Stan Brakhage has been moved to say of the artist’s slender cinematic output, “I know this will sound preposterous, but I think Cornell’s contribution to the art of film far exceeds anything he did in any of his boxes or his collages.” Cornell’s first collage film was a tribute to a lady he loved from a distance – Rose Hobart.   Hobart’s 1932 film, <I>East of Borneo<I>  saw her playing a woman searching for her ungrateful physician husband (Charles Bickford) in the jungle.  He thinks she’s been cheating on him and has become an alcoholic. It did not set the screen alight but Cornell saw something in it – he cut it to fifteen minutes and replaced the soundtrack with music.  The only scenes that remained were those featuring Hobart, almost entirely removed from any sense of narrative causality, her actions and reactions rendered in limbo, with only the occasional fleeting appearance of two men and two women, who might be anyone, as it were. 

There is the occasional erupting volcano or natives driving crocodiles downriver. Time is ruptured, shots are fragmented, the act of reminiscence is implied and, as P.Adams Sitney says, ‘Cornell describes the marginal area where the conscious and the unconscious meet.’ The effect is hypnotic and maddening by turns. As Quentin Turnour suggests, ‘<I>Rose Hobart<I> demonstrates that the single image itself can have ‘music’, in its mutation and evolution, in the complexity of revelation available when it is closely studied.’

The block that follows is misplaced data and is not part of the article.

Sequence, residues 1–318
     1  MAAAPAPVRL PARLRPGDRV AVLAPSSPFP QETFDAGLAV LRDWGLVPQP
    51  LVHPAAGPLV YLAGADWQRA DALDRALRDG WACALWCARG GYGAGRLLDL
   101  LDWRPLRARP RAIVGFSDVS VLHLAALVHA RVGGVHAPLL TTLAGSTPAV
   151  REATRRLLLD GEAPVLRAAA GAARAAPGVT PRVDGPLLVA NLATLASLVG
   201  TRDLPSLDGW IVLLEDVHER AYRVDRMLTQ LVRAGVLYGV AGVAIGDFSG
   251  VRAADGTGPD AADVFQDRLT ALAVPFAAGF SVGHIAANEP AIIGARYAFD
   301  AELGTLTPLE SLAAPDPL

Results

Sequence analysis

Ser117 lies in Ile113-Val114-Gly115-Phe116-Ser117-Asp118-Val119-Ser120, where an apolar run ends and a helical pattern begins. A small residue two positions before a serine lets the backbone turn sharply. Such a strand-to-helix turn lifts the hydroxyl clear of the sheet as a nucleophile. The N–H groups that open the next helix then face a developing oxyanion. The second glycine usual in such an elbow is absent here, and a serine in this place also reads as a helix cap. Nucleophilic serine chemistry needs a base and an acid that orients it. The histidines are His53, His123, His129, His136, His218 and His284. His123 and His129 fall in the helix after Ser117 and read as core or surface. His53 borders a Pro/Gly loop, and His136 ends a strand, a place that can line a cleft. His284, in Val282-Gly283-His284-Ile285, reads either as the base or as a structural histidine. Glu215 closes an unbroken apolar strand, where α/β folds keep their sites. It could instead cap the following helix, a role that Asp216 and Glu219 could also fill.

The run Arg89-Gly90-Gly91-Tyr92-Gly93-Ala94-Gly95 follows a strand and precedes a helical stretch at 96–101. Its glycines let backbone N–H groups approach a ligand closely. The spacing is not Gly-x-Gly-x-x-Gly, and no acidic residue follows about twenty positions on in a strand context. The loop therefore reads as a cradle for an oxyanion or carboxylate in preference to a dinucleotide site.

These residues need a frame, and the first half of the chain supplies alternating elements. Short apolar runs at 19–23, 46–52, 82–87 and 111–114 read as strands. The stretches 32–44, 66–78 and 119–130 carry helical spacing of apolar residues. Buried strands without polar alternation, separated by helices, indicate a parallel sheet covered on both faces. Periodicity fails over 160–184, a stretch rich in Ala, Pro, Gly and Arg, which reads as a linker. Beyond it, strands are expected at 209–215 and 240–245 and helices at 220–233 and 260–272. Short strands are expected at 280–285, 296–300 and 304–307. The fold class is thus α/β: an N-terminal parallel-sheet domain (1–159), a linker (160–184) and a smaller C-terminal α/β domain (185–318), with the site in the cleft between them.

<I>Rose Hobart<I> perfectly meets the criteria for cinema as set out by Situationists Guy Debord and Gil Wolman:  they wrote in 1956 that ‘most films only merit being cut up to compose other works’ – cinema being the only realm where detournment (or media critique) could happen.  Cornell so liberates the notion of Hollywood narrative that its Surreal essence is released. <I>Rose Hobart<I> is, if you will, a form of plagiarism – something that the Comte de Lautreamont deemed absolutely necessary:  ‘progress implies it.’ Cornell’s  recontextualisation of the fragmented image did, in the manner of plagiarism, radically alter its intended meaning.   It so infuriated arch Surrealist Salvador Dali that he walked out of its premiere at Julien Levy’s art gallery in New York: he said that it was the film he had always wanted to make.

Rose Hobart never met Joseph Cornell.  If she had, she might possibly have reacted in the same way that Audrey Hepburn did when they had a brief encounter:  moved to present the actress with one of his magical boxes, Hepburn was confused and rebuffed him.  Cornell retreated to his singular universe where he fell in love from a distance with women long since dead. He worshipped them from afar, happiest with the nineteenth century ballerina, Fanny Cerrito.  He himself died in 1972.

Hobart finally took time out to write her own reminiscences in 1994, entitled <I>A Steady Digression to a Fixed Point<I>.  Her autobiography is not, as you might guess, a typical Hollywood kiss ‘n’ tell. She spent the last years of her life at the Motion Picture and Television Country Home, editing the magazine and signing autographs for any fans who asked.

Originally published by  

www.oceanfree.net/film  2000